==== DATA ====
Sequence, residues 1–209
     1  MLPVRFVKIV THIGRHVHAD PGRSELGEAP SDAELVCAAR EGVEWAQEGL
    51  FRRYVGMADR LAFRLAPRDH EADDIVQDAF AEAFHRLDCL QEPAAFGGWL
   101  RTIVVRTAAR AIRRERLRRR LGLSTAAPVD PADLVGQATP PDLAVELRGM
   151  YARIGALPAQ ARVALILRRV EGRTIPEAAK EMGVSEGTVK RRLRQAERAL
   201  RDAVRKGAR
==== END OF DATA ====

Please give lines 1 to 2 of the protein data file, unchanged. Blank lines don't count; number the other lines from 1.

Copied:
Sequence, residues 1–209
     1  MLPVRFVKIV THIGRHVHAD PGRSELGEAP SDAELVCAAR EGVEWAQEGL